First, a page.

By Ethan Boldt For Men’s Life Today
A hundred crunches twice a week, week after week, month after month, and … nothing. If this is you, well, first of all, take heart in the fact that you’re not alone. Lots of guys approach abs the wrong way. Which comes to our second point: You’re probably approaching abs the wrong way. But again, don’t despair. We’ve got the fix, and we’re sharing it with you.
What You’re Doing Wrong
Several things, truthfully. The main one is you’re not giving your abs enough variety — specifically, not enough ab muscle fiber recruitment. “You need to train your abs in all planes and in combination with a bunch of other exercises to achieve full development,” explains Mike Wunsch, a certified strength and conditioning specialist and the director of fitness at Results Fitness in Santa Clarita, Calif.
Secondly, and related to the above, your abs program needs to be a core workout. Most people put all their focus on the upper abs, but that’s only part of the core puzzle. Wunsch puts his clients through a series of exercises that include not only extension and flexion, but also rotations. As a result, the entire core gets worked. And he never waits until the end of the workout to do core work. “We do it right after the warm-up, so it’s the first high-intensity move you do. If popping abs are what you want, it must be a high priority.”
Finally, you’re not hitting your abs often enough. Abs are not like other muscles that need to be worked only twice a week, maximum, for solid development. For those abs to show, says Wunsch, you need to use his program four times a week, alternating the exercises with each ab-workout day.
Wunsch’s Program for Making Your Abs All That
Perform two core moves per workout, supersetting the moves. In other words, do the second exercise right after the first, then rest. Do two to four sets, with 30-second rests between each superset. (Beginners should start with two sets.)
Alternate workout A with workout B for each day you do abs, and make sure you get a day of rest for the core between the first two and last two workouts. Example: Monday is A, Tuesday B, Wednesday off, Thursday A, Friday B.
And remember: Do the core routine after the warm-up (i.e., before the rest of your workout).
Plank Saw, eight to 12 reps
Dumbbell Russian Twists, eight reps to each side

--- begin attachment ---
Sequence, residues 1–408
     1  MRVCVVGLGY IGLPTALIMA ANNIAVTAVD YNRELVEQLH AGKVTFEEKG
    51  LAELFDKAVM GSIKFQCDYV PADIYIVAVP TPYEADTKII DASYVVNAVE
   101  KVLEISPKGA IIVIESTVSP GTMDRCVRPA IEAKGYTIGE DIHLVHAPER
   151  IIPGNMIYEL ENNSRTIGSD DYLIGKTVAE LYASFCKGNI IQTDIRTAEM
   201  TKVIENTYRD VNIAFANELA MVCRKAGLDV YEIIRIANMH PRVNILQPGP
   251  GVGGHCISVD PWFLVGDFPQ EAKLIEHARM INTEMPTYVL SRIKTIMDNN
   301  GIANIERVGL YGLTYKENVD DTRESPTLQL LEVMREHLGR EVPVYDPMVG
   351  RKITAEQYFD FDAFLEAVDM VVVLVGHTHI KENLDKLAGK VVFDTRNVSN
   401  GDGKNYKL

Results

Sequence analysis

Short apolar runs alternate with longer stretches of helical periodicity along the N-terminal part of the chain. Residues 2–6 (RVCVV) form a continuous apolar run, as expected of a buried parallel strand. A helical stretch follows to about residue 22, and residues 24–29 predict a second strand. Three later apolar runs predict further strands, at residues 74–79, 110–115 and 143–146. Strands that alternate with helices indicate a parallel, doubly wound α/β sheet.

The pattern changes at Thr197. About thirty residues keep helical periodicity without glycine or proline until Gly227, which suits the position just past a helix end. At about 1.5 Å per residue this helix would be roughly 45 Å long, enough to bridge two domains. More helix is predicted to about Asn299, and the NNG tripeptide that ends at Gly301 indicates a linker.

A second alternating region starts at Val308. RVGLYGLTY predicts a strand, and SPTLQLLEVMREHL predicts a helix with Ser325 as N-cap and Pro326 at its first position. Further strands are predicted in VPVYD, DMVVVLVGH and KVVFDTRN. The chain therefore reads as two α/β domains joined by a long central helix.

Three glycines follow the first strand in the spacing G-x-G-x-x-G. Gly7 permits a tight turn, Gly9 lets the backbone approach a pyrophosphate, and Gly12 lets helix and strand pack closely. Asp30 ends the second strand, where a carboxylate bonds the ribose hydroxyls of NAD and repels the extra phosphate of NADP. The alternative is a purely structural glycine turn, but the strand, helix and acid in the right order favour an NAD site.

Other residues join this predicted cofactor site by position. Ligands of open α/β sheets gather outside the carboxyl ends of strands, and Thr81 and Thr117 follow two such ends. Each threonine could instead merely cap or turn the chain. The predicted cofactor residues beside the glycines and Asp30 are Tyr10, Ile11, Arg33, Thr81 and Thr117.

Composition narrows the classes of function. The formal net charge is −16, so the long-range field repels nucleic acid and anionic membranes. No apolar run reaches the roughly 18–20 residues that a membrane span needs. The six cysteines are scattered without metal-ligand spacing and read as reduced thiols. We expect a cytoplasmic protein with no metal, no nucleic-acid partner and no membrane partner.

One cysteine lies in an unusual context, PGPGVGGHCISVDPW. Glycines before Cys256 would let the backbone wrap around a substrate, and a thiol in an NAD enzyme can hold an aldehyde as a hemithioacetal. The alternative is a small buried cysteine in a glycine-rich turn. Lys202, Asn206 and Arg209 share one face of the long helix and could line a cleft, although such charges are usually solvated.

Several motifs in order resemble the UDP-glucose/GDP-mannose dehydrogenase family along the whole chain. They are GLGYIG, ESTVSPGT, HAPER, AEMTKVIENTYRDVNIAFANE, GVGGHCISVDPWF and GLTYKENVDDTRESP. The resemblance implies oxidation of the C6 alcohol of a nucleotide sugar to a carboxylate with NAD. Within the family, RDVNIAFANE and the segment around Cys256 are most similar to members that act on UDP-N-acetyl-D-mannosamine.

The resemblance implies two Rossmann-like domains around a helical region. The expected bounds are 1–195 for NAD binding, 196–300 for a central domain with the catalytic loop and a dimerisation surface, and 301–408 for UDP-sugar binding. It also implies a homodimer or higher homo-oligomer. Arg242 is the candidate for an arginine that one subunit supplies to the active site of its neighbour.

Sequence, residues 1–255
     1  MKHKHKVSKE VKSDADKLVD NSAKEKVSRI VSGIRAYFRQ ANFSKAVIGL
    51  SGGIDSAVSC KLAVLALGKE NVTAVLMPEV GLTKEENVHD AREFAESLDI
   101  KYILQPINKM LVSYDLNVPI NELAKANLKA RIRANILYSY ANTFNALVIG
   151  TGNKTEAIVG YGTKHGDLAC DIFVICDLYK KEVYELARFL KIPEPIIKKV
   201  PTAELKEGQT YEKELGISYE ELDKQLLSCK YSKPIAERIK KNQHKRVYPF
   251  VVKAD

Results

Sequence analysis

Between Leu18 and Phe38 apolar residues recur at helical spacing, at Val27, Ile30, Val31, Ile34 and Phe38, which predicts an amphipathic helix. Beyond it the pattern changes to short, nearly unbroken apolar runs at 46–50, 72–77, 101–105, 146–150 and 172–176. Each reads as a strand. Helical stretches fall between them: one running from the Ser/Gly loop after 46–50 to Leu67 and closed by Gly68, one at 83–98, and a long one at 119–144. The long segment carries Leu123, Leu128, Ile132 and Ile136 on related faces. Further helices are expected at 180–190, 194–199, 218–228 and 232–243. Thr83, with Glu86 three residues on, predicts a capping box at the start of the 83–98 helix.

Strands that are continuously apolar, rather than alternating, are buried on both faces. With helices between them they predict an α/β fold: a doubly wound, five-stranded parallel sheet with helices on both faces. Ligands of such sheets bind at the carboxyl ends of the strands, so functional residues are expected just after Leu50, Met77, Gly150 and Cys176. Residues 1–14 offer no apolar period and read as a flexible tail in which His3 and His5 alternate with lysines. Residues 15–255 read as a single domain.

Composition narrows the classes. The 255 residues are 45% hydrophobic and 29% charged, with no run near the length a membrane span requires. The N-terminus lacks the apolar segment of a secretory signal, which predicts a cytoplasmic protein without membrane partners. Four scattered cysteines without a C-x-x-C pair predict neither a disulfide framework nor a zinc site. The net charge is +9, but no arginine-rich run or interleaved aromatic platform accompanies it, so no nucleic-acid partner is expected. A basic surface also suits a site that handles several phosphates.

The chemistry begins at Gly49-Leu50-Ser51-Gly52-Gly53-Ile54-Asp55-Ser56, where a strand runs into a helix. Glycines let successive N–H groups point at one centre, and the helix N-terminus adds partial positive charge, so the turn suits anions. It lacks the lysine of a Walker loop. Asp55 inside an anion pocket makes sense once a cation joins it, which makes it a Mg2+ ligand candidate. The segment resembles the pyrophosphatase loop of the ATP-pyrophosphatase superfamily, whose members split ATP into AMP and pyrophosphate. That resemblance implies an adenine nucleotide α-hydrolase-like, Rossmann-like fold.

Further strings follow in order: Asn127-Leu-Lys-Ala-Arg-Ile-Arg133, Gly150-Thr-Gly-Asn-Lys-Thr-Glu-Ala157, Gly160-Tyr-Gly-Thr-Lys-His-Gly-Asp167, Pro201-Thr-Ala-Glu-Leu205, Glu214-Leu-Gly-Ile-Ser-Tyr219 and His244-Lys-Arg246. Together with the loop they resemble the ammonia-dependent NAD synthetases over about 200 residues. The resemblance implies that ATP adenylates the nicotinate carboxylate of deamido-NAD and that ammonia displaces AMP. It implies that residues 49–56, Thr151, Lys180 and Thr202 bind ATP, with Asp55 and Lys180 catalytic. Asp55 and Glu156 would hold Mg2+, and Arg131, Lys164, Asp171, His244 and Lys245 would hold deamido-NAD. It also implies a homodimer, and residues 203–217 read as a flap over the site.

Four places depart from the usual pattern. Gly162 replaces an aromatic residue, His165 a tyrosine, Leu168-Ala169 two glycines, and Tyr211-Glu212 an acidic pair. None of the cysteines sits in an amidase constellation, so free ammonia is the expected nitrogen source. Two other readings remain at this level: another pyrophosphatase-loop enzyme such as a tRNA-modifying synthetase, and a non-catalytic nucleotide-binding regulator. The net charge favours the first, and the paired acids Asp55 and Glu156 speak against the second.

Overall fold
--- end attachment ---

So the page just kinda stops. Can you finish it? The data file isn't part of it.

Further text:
Dumbbell Farmers Walk, 25 to 40 feet
Prone Cobra, 10 reps with a five-second pause
Plank Saw: Get into a standard plank position. (Lie face-down with your elbows bent at a 90-degree angle, forearms underneath your chest and flat on the ground. Prop yourself up to form a bridge using your toes and forearms. Maintain a flat back and do not allow your hips to sag toward the ground.) Your toes should be on top of two plastic plates or something similar (paper plates, 5-pound weight plates, etc.) that will slide. To execute the saw, slide your body backward and then forward, like a saw, so the angle between your forearms and upper arms goes from about 135 degrees to about 45 degrees.
Dumbbell Russian Twists: Start seated on the floor with your knees bent at 90 degrees, heels in contact with the ground. Hold a dumbbell or weight plate straight out in front of you (with arms slightly bent at the elbows), then lean back until you feel the abs engage to stabilize your body. Rotate as far as possible to your right and touch the DB or plate to the ground behind you. Make sure you rotate your entire torso and are not just reaching around with your arms. After touching, forcefully change directions and move the load to the other side.
Dumbbell Farmers Walk: Grab a pair of heavy dumbbells, with the heels of your hands facing your hips, and walk about 25 feet (go farther each week) without putting them down. Take short, choppy steps when walking — especially the first few steps. This allows you to conserve energy and stay balanced during your stride. Once you pick up momentum, you can take longer strides, but it’s almost always easier to maintain control with short, choppy steps.
Prone Cobra: Begin by lying face-down on the floor with your arms beside your hips and your palms facing up. Activate your core muscles by drawing your abs toward your spine and squeezing your butt. Slowly exhale and lift your chest off the floor and your arms up and backward toward your hips. Rotate your thumbs toward the ceiling as you carry out the movement. Pause at the top of the movement for five seconds. Then return to the starting position.
Ethan Boldt writes for such magazines as Men’s Health, SELF and Maximum Fitness. A former certified personal trainer, Boldt co-authored 5-Factor Fitness with celebrity trainer Harley Pasternak and is currently working on a book project with Derrick Rose’s trainer, Rob McClanaghan.